FDA OKs First Combo Drug (Harvoni) for Hepatitis C

Disclosures

October 10, 2014

The US Food and Drug Administration (FDA) today approved a new antiviral drug to treat chronic hepatitis C virus (HCV) genotype 1 infections that lays claim to two "firsts," the agency announced today.

Ledipasvir/sofosbuvir (Harvoni, Gilead Sciences) is the first combination drug for HCV as well as the first treatment that does not require administration with interferon and ribavirin, according to the FDA.

The novel drug comes with controversy. The previously approved sofosbuvir component (Sovaldi, Gilead Sciences) is one of the nation's most expensive drugs, costing $84,000 for a 12-week course of treatment, or about $1000 per pill. Gregg Alton, the manufacturer's executive vice president of corporate and medical affairs, told Reuters that the company will charge even more for the combination drug. Alton did not specify the price, but he said it would reflect the $95,000 cost of treating someone with sofosbuvir along with interferon and ribavirin, which will no longer be needed, according to Reuters.

The other component of the combo drug, ledipasvir, has never been approved until now.

Edward Cox, MD, MPH, director of the Office of Antimicrobial Products in the FDA's Center for Drug Evaluation and Research, said the new drug changes the "treatment paradigm" for patients with HCV.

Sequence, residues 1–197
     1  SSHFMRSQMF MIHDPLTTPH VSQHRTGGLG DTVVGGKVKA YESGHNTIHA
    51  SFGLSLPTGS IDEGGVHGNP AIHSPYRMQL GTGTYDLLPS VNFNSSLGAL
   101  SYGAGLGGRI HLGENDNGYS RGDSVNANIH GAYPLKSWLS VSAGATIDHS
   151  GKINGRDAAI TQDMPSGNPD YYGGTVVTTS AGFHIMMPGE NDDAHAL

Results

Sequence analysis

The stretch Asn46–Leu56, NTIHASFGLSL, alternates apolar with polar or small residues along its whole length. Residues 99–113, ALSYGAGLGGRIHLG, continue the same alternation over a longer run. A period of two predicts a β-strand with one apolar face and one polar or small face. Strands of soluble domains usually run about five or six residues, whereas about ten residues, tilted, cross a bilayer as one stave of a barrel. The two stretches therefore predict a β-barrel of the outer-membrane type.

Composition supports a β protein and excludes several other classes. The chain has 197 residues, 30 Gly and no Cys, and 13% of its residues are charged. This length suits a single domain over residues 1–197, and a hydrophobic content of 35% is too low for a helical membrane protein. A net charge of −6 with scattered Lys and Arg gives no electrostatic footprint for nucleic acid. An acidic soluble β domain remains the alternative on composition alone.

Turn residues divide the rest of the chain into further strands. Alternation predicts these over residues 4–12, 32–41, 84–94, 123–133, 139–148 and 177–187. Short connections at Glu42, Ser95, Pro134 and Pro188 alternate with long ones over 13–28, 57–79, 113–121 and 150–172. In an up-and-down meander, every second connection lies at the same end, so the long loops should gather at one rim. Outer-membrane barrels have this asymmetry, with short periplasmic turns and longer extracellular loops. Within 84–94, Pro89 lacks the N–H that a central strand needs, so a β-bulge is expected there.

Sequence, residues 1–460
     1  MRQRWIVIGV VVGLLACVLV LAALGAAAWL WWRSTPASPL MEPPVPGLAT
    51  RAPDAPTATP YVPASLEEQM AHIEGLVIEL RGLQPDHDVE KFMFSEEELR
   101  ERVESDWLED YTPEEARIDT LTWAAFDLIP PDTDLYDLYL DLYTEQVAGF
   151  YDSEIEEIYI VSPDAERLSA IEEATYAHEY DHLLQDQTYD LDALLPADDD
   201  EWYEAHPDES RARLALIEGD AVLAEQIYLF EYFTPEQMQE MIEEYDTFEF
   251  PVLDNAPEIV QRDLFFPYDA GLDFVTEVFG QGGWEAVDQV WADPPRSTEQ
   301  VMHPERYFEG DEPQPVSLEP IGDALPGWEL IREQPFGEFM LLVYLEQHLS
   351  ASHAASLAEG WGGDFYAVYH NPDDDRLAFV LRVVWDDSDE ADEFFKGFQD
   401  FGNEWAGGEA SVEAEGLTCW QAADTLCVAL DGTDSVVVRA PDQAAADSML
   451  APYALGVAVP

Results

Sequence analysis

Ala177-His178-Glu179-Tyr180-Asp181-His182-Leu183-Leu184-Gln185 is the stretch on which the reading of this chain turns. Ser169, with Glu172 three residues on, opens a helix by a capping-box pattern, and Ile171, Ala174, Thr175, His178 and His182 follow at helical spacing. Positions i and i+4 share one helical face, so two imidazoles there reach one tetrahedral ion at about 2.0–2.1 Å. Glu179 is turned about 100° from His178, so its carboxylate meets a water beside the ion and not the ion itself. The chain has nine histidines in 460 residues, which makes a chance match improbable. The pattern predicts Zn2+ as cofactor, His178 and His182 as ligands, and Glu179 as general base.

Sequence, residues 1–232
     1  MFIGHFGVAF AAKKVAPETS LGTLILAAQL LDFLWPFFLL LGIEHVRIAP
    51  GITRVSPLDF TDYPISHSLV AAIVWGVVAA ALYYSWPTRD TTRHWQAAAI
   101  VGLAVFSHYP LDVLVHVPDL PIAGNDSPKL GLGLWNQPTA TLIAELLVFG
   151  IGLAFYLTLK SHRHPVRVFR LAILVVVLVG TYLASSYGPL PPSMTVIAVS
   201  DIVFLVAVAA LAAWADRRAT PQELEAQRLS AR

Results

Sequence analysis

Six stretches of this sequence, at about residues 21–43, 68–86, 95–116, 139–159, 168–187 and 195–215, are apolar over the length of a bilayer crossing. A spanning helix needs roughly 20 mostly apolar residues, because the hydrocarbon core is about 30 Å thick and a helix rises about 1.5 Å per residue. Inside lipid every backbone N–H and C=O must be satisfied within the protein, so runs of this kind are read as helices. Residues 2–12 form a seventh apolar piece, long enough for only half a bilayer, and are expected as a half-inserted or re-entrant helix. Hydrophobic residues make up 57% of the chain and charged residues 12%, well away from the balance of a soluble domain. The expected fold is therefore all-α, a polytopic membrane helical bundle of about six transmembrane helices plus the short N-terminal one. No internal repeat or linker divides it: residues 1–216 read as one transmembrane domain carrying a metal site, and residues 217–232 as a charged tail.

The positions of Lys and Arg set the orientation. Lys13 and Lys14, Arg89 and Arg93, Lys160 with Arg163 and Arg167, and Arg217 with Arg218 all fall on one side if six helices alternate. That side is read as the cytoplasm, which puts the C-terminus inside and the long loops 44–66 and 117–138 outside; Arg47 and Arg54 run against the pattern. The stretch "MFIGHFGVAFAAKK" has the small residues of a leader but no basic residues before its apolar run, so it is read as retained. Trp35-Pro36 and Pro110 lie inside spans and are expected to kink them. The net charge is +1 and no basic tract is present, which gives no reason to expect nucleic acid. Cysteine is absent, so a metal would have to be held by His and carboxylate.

"Until last year, the only available treatments for [HCV] required administration with interferon and ribavirin," Dr Cox said in a news release. "Now, patients and health care professionals have multiple treatment options, including a combination pill to help simplify treatment regimens."

The FDA based its approval of ledipasvir/sofosbuvir on three clinical trials in which 1518 participants with HCV were randomly assigned to receive the new combo drug with or without ribavirin. The first trial focused on participants who had never been treated for their infection; the second on the same kind of participants, but some with cirrhosis; and the third on participants, again, some with cirrhosis, who had not responded to previous treatment. In each trial, more than 90% of participants taking the new combination drug achieved sustained virologic response, meaning HCV was no longer detectable in their bloodstream, by 12 weeks. In the first trial, 94% of treatment-naive participants reached sustained virologic response in 8 weeks, yielding a faster cure that will reduce treatment cost, according to Gilead Sciences.

"In all trials, ribavirin did not increase response rates in the participants," the FDA stated.

Fatigue and headache were the most common adverse events.

Last month the Committee for Medicinal Products for Human Use of the European Medicines Agency recommended market approval of ledipasvir/sofosbuvir in the European Union.

More information about today's FDA announcement is available on the agency's website.

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